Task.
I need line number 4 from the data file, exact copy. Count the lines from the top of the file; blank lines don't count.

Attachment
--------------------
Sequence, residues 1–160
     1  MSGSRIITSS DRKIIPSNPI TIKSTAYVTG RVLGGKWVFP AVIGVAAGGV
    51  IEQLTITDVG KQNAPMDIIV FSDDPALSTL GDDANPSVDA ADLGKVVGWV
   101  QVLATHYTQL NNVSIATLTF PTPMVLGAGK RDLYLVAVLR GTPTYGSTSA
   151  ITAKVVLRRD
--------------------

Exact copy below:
   101  QVLATHYTQL NNVSIATLTF PTPMVLGAGK RDLYLVAVLR GTPTYGSTSA